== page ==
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All podcast music: “Café connection” by morgantj / CC BY 3.0, ©2009 – Licensed under Creative Commons 
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May 27, 2017

Where did vitis vinifera originate? Where do we think winemaking started? We think it's from the area that is now the Republic of Georgia. Once part of the USSR, this small, beautiful nation is reemerging as a wine power so it's time for an overview!


Here are the show notes:

Top level stuff...


  • Georgia is where Eastern Europe meets Asia. Between the Caucasus Mountains and the Black Sea
  • As big as Scotland or Ireland
  • 111,000 acres of vines ranging from the coast of the Black Sea to Kakheti, on the other side of the Caucasus mountains
  • Outside Tbilisi, they only speak Georgian so when you go, you've gotta hire a guide



  • Russia to the north and Turkey and Armenia to the south
  • Primary wine region of Kakheti—according to Georgians, the birthplace of wine itself
  • The main wine regions, from Kakheti in the east and Imereti, Racha and Samegrelo in the west, are within a few hours’ drive from Tbilisi, the capital


  • a diverse climatic landscape that varies from temperate to subtropical

An Historical Relic: Qveri (Kwhere-vree)

  • Traditional Georgian fermentation: a clay vessel used for centuries to produce wine in Georgia.
  • Qvervi: 1,000-liter beeswax-coated terra-cotta jar buried in the earth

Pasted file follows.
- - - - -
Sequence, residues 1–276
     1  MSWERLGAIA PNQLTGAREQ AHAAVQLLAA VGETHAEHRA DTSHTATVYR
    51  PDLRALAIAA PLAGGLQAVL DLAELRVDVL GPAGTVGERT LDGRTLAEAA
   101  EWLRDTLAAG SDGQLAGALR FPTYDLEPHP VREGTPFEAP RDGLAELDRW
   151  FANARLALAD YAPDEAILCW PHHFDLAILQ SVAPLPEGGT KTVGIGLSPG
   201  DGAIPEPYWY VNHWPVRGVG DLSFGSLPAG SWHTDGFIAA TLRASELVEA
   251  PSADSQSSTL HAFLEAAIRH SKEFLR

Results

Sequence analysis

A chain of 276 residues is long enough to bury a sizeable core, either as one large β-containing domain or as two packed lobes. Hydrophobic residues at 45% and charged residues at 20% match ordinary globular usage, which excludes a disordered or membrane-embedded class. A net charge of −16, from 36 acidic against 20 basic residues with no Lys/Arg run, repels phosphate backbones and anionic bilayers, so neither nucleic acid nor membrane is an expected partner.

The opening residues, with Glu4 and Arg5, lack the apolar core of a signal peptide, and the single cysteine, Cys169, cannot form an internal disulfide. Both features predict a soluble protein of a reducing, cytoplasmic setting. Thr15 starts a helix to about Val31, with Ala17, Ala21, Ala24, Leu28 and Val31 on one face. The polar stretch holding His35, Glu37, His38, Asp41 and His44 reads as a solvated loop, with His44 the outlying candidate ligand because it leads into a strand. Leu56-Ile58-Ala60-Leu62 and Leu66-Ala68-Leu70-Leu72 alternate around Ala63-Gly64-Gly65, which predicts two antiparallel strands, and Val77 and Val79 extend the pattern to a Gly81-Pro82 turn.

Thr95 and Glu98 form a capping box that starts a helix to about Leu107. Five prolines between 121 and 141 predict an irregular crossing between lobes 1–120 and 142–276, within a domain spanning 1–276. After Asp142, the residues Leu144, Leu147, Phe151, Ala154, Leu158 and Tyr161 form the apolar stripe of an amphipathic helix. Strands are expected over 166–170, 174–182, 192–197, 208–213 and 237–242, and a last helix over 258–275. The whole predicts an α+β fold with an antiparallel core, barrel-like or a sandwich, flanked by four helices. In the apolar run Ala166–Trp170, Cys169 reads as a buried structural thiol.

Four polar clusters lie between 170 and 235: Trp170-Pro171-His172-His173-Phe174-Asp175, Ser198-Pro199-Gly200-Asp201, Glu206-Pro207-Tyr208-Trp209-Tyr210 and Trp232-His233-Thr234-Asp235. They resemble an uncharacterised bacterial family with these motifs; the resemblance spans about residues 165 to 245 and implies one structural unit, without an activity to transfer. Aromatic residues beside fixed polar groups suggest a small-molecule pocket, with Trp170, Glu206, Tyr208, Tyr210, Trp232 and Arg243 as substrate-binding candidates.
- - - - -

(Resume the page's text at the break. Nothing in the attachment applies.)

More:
• A qvevri is a thick-walled vessel buried deep in the ground in a marani, or Georgian wine cellar.
    • naturally maintains wine at optimal temperature during fermentation and allows it to age for many years without spoilage.
    • Once fermentation is complete, the wine can be racked into another qvevri, leaving the heavy sediment behind.
    • Qvevri white wine is sharp, strong, amber. or in the case of reds, so dark it’s known as shavi gvino: black wine


 Grapes: 500+ indigenous grape varietals found in Georgia,

  • Red: Saperavi, Tavkveri and Chkhaveri plus Tavkveri, Shavkapito,  Chkhaveri and Ojaleshi.
  • White: Rkatsiteli (r-kat-see-telly), Chinuri and Mtsvane (mits-vane)
  • méthode Champenoise in Georgia since the late 1800s, with native grape
  • Orange wine:  Friuli winemaker Josko Gravner makes his sought-after “orange” wines using ancient Georgian techniques/qvervri



  • Grapes and traces of wine residue have been found in archaelogical digs from 8,000 years ago.
  • Vitis vinifera originated from the Caucasus mountains in GA
  • Ottoman rule in west, Christianity in the east made east side of the country the wine powerhouse
  • Georgia came under Soviet control a few decades later. Small vineyards merged into huge co-ops =CRAP
  • Georgia declared independence in 1991
    • Russia's 2006 embargo on Georgian wine imports, lifted only in June 2013. Forced diversification into other, stronger markets


The wines of Georgia have a little ways to go, but they are a fascinating slice of vinous history and worth seeking out or trying if they are ever right in front of you!